May 20, 2010
BBC News today announced that the Conservative–Liberal Democrat coalition document promises a free vote in Parliament on the repeal of the 2004 Hunting Act. That’s good news to pro-hunting forces. Notwithstanding earlier promises by Conservative candidates, the forced coalition with the Liberal Democrats had cast doubts on the ability of Conservatives to fulfill their promises for a free vote.
Pro-hunting activists have long strived to re-elect a Conservative government, inherently more sympathetic to hunting, in the hope of overturning the Hunting Act. However, the election gave the Conservative Party only a narrow victory margin. To form a government, Conservative Party leader David Cameron, the new Prime Minister, was forced to establish a coalition with the Liberal Democrats, no friends of hunting. That coalition placed in doubt whether or not the Conservatives had the strength to make a serious attempt at repeal.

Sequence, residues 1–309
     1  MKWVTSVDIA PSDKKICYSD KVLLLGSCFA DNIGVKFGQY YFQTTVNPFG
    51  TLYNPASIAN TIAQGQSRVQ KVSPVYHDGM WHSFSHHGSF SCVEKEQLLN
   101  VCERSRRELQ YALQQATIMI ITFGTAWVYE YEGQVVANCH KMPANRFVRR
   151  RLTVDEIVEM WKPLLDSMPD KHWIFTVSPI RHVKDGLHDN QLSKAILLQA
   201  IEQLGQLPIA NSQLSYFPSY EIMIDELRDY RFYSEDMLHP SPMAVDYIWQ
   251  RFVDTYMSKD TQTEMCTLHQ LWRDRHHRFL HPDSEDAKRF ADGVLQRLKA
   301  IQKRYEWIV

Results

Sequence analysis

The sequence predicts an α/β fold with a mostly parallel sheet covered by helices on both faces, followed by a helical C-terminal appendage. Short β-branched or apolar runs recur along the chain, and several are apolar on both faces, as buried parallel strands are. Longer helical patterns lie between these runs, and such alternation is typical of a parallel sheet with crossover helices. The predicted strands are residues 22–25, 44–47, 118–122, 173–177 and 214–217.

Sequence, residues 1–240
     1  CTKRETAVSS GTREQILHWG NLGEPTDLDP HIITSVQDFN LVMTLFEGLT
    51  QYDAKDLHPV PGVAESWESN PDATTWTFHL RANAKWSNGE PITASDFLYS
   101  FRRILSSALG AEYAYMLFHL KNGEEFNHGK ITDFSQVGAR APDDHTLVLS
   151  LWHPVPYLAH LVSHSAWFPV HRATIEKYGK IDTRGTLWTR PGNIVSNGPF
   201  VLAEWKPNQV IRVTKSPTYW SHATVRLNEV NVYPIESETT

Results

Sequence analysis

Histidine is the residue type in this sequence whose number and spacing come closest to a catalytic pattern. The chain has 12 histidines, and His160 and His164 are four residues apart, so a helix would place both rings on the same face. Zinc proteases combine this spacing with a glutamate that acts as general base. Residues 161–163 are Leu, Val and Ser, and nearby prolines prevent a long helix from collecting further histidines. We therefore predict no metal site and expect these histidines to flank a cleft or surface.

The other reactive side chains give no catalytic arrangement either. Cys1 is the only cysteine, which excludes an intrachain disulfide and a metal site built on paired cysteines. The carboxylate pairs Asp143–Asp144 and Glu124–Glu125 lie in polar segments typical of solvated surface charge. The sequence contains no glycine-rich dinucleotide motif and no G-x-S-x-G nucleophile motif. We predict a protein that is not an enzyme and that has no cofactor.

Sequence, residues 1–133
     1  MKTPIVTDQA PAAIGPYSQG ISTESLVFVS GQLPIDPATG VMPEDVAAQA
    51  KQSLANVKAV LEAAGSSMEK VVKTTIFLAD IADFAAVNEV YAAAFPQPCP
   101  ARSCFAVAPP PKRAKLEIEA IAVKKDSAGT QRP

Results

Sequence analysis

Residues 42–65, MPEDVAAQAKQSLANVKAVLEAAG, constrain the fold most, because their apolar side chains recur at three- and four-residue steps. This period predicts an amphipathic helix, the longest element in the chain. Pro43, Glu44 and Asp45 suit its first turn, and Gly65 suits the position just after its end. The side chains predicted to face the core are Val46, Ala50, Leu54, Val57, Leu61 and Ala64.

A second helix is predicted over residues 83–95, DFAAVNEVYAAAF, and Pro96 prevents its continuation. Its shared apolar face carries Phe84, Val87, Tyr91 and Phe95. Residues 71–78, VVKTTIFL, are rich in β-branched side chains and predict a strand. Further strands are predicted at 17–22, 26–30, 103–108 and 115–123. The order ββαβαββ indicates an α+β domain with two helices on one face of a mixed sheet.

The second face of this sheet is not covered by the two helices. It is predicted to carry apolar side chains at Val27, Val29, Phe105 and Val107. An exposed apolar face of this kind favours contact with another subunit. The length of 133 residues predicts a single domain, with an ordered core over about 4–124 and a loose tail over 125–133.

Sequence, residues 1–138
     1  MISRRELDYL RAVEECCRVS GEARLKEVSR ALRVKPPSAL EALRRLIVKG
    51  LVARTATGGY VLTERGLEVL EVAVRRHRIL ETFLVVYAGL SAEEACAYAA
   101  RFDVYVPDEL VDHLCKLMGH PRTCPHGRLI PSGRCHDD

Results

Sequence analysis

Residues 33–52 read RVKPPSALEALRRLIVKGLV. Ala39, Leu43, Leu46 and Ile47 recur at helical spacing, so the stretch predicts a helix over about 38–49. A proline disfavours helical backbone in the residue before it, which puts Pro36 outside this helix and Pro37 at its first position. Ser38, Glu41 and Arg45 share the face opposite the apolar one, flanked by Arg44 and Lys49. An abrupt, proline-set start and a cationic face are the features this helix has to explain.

The coalition document, while promising a free vote, does not state when that vote will take place. BBC News notes that many in the hunting fraternity do not mind the delay, fearing that if there were to be a free vote now, Parliament, as currently constituted, would not overturn the Act.
Horse and Hound Hunting Editor Catherine Austen quotes British MFHA Chairman Stephen Lambert as saying, "The important thing is that the government is intending to honour its commitment to having a vote.... We are delighted about that and look forward to it happening at an appropriate moment. I think everyone is well aware that the government has got many problems on its hands and that hunting must take its place in the queue."
For further details, go to:
BBC News article on Coalition Deal
Horse and Hound article on Repeal of the Hunting Act